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Bill to help victims of domestic violence divorce fails to pass

Domestic abuse is a very real danger for many spouses in Mississippi. Unfortunately, it can be very difficult for victims of domestic abuse who are married to their abusers to seek a divorce. Not only could their physical safety be threatened by their abuser if they try to divorce, but some forms of abuse such as emotional abuse and financial abuse leave victims with little means to seek help. Some lawmakers recently attempted to take a step forward in helping these victims seek a divorce, but unfortunately, their efforts were stymied by the Mississippi Senate.

The Mississippi Senate recently failed to pass a bill that would add domestic violence to the list of grounds for divorce, if there was clear and convincing evidence that the abuser attempted to cause physical injury, actually physically injured their spouse or made their spouse fear that he or she would suffer imminent serious injury. Currently Mississippi has 12 grounds for divorce, including habitual drunkenness and adultery, among others.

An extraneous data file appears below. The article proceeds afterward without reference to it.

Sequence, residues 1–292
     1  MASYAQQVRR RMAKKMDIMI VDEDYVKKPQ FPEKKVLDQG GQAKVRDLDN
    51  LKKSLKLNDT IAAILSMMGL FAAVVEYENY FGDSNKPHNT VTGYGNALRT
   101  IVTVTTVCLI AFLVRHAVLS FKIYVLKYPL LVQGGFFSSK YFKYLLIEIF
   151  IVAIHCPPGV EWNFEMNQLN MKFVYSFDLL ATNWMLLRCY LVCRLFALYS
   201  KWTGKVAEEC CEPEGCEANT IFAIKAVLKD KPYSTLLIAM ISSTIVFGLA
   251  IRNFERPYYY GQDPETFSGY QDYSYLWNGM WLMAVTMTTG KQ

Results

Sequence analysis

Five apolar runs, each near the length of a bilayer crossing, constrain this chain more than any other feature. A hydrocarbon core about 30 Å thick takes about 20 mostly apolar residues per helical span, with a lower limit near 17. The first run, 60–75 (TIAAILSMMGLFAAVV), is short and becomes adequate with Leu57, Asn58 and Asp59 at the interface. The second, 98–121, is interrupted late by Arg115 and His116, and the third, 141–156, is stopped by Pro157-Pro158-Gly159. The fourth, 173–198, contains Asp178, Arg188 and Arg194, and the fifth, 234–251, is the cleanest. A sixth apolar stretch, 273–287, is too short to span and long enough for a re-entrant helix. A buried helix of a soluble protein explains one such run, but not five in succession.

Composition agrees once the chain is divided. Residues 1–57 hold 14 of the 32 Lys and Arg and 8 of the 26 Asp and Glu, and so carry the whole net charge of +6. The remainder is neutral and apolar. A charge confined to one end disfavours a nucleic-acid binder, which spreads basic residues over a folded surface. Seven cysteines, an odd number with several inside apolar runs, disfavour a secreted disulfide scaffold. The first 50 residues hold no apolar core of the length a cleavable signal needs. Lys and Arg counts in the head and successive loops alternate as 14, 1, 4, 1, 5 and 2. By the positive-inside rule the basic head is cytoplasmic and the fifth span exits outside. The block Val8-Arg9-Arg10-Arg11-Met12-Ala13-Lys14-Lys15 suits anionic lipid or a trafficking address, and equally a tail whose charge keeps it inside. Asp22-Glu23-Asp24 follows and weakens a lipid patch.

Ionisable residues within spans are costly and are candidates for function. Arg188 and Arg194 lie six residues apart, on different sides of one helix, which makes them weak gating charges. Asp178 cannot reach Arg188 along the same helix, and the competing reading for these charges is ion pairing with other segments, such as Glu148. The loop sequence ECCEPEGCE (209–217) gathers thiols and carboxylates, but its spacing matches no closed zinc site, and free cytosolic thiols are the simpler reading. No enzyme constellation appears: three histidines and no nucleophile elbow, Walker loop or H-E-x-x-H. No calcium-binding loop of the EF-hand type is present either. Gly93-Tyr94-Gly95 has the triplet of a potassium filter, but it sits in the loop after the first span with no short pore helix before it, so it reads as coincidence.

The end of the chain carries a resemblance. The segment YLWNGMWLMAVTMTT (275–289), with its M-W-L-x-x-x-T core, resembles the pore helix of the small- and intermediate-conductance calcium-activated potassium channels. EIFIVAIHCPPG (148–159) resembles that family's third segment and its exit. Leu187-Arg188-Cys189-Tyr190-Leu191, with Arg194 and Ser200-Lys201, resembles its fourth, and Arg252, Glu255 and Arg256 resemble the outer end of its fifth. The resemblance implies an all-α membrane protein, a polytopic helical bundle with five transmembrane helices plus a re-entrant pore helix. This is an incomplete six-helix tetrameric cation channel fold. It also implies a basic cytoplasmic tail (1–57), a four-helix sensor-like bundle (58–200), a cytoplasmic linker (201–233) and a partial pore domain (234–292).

In Mississippi, if both spouses agree to end their marriage they can do so on grounds of irreconcilable differences. However, if one spouse does not agree to end the marriage, the spouse pursuing a divorce in general needs to state one of the 12 current grounds for the divorce or else settle on terms that are not favorable. Domestic abuse survivors usually claim "habitual cruel and inhuman treatment" as their grounds for divorce, but this is a tall standard to meet, as the abuse must be both ongoing and physical.

The failure to pass the bill was a blow to advocates of it, who claim Mississippi's current laws regarding the grounds for divorce are out of date. The Mississippi Coalition Against Domestic Violence reports that victims of domestic abuse say that what they need the most is legal help to get a divorce. In the end, it is important for victims of domestic violence get the help they need from attorneys and other organizations to escape their abusive situations and pursue a divorce if necessary.

Source: The Huffington Post, "Mississippi Fails To Add Domestic Violence As A Legal Reason For Divorce," Melissa Jeltsen, April 26, 2016

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